- Cape student sues, accuses school officials of slamming her to ground multiple times (04/28/16)45
- Bob Evans restaurant in Cape Girardeau among chain's 21 closings (04/26/16)9
- Missouri House votes to allow concealed weapons without permits (04/28/16)6
- Two hurt in motorcycle wreck on Interstate 55 (04/25/16)1
- Law firm requests information about Cape's traffic cameras (04/25/16)2
- Local lawmakers split over failed medical marijuana bill; voters may have a say (04/26/16)19
- Police report filed, but no charges in incident at Cape Central (04/29/16)36
- Tanker truck catches fire near Oak Ridge (04/24/16)7
- Local company makes eco-friendly kitty litter that cuts cat-box smell (04/25/16)
- Senator introduces bill for I-57 that would connect Sikeston with Little Rock (04/28/16)4
Franklin school adopts a hero
When Cape Girardeau Police officer Al Spencer arrived Tuesday afternoon at Franklin Elementary School, he suspected nothing unusual.
By the end of the day, the school's Drug Abuse Resistance Education officer was named a hero.
As Spencer was leaving the cafeteria after lunch, a teacher told him there was going to be a short assembly in the gym but didn't tell him what it was about.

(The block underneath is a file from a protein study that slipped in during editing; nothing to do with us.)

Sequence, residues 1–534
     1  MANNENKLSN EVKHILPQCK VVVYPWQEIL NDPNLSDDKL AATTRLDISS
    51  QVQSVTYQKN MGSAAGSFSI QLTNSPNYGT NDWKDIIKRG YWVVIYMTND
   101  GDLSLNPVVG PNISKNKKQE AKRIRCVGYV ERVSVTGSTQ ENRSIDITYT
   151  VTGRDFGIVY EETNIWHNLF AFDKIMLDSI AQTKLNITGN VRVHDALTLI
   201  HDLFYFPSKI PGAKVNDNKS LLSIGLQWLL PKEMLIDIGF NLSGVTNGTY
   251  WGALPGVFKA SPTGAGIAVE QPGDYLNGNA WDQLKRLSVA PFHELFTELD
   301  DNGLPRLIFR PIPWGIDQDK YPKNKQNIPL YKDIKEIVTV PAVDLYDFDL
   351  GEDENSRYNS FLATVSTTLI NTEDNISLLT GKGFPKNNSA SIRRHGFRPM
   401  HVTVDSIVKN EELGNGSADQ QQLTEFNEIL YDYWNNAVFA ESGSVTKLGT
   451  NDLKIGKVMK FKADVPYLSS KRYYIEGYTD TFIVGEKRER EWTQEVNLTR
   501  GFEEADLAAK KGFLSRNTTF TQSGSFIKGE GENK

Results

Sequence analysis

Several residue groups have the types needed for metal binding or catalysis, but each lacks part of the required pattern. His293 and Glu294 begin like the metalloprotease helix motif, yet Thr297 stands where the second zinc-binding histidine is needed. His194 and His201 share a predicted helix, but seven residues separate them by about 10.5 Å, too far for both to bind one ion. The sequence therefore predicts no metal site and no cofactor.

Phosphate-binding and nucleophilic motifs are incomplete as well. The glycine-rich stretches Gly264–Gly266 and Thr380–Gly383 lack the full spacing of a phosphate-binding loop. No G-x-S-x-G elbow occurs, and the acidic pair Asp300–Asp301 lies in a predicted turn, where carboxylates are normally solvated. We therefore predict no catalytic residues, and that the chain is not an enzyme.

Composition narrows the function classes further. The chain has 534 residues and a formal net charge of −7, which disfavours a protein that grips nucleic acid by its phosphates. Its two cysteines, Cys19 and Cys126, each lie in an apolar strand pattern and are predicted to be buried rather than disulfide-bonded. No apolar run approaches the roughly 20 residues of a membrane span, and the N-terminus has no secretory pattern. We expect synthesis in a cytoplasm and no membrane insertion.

Sitting with a group of kids in the back of the gym, Spencer listened as principal Rhonda Dunham described a statewide program started by Gov. Bob Holden in which each school adopts an everyday person who has made a difference at the school as its hero.
While Dunham spoke Spencer looked around and noticed a banner with the words "Officer Al is our Hero" at the other end of the gym.
"OK, what is going on?" he asked one of the children next to him. But before the child could answer, Dunham told the crowd that Spencer was Franklin's hero. The audience of over 300 students, teachers and staff erupted in applause.
"Truthfully," he told the crowd. "I'm not the hero. If these kids can get raised and keep their morals and values high, they're the real heroes."
But students, teachers and Spencer's supervisor at the police department couldn't disagree more.
Lt. Carl Kinnison, his supervisor, said, "I couldn't think of a better person for this. His level of enthusiasm and spirit go way beyond the average."
That enthusiasm is noticed by the children, too.
"Officer Al is the greatest policeman I ever saw," said second-grader Raynisha Jones. "He's really nice, and he loves children."
Alma Schrader Elementary and Jefferson Elementary Schools in Cape Girardeau also participated in the Adopt-A-Hero program.
Corona Harper, a 91-year-old substitute teacher at Jefferson, was chosen by that school, and Michael Morgan, a Cape Girardeau firefighter, was chosen by Alma Schrader.
335-6611, extension 128